Wednesday, June 1, 2016

Save The Outrage

Another week, and the Internet is angry.  This time, they are extra angry because a small, momentarily unsupervised child managed to circumvent the Cincinnati Zoo's safety protocols and fall into the Gorilla exhibit, which ended tragically for an endangered gorilla.  Why the outrage?  The Internet is outraged by the death of such a beautiful animal, the Zoo's lax security, and the parents' possible negligence.

Outrage is so common on the Internet these days that most of us don't even blink.  It costs nothing to be outraged, after all.  It costs nothing to be angry in your own home, sign a few internet petitions or to click 'share' on social media.  We can do this, be outraged, and then feel an inflated sense of accomplishment, as if we singlehandedly defeated the ogre of whatever made us angry.

Our outrage is fickle.  For example, where's the Internet's anger over the missing 7 year old in Japan, whose parents left him on the side of a bear infested forest road as a punishment?   Where's the frustration over all the murdering going on in Chicago?  We get outraged like a sudden storm in the spring, swirling up in the unstable atmosphere of the Web and then draining away just as quickly. 

If your outrage isn't going to lead to positive action, knock it off.  Just being outraged over the death of an endangered animal isn't going to bring it back.  Being outraged is useless, unless it's followed by action.  If you are angry about the death of a gorilla, but can't be bothered to help your local animal shelter, your outrage is useless.  If you're angry about the parental neglect that contributed to the death of that gorilla, but refuse to help the thousands of abused and neglected children out there, your outrage is useless. 

Save your outrage. Keep it to yourself.  Spare us all from the sound and fury that ultimately means nothing.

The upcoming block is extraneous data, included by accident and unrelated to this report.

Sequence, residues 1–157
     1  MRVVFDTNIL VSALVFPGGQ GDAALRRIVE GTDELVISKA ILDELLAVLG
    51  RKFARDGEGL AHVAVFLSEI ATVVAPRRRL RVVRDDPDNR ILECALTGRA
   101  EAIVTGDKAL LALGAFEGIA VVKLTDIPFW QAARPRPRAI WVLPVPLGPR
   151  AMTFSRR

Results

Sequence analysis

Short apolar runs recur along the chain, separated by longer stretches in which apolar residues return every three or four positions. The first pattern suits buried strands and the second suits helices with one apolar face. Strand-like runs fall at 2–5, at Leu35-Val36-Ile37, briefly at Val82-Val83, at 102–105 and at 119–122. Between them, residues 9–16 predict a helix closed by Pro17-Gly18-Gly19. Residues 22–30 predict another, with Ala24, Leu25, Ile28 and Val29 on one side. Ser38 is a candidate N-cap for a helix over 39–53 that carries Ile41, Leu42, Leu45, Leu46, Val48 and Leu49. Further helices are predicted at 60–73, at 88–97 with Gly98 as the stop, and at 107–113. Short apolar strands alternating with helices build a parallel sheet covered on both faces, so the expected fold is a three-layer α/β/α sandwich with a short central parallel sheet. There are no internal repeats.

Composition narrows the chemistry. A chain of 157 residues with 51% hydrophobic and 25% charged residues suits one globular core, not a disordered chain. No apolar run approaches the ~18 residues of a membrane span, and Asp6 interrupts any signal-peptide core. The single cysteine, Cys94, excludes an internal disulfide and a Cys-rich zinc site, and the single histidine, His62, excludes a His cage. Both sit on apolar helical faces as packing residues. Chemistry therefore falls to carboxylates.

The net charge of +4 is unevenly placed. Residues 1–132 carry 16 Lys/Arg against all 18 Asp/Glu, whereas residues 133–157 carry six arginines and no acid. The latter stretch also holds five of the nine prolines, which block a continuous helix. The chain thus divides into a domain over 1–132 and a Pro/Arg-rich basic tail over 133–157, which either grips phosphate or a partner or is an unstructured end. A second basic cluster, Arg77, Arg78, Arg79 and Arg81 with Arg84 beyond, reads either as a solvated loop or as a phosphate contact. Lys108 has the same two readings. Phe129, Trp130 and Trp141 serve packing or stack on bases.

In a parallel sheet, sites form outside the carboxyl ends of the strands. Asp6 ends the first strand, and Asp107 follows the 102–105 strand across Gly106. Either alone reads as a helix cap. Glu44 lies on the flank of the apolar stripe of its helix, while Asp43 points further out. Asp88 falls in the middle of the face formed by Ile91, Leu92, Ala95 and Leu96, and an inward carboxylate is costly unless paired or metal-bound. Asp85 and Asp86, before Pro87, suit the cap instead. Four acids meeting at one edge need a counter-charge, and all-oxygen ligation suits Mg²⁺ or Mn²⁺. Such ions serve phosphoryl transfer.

7 comments:

  1. Well said, Tina. I am guilty of this recently when I voiced my upset that community accepts homelessness as inevitable. You're so right: "If your outrage isn't going to lead to positive action, knock it off. "

    We should take action, do something positive towards the larger goal. Absolutely agree with you.

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  2. Well said, it is a sad thing that happened but that's it. It happened. All the kvetching in the world will not undo what happened.
    The only good is that the zoo should have a design that can prevent this from happening. At zoo Atlanta, there is a plexiglass wall. Whether the parent is lax is a judgement we can give a lot of parents. The zoo did what they thought they had to do and I am not going to second guess them. Unfortunate things happen.
    The thing that get's me with internet outrage is how would you like it turned on yourself.

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    1. I honestly don't know what I would do if I were internet outrage famous. Fortunately, I'm just a small cog in the machine!

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  3. Wow did you hit the nail on the head. Outrage on the internet is so wasted. I don't comment on any of my 'redneck friends' posts about the election on facebook.(I thought they were nice, anyway, it all changed since the primaries.) I have hidden them on facebook until November, and may unfriend them, if they continue in this vein. It is all too much for a moderate from California. BTW,I have been reading you all along...but just found out my comments for everyone do not take, unless I am on firefox.

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    1. Thank you for reading! Yes, I've had several family members unfollow me because of my "liberal" political views. This election has brought out the crazy!

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  4. Thank you for putting this into words!

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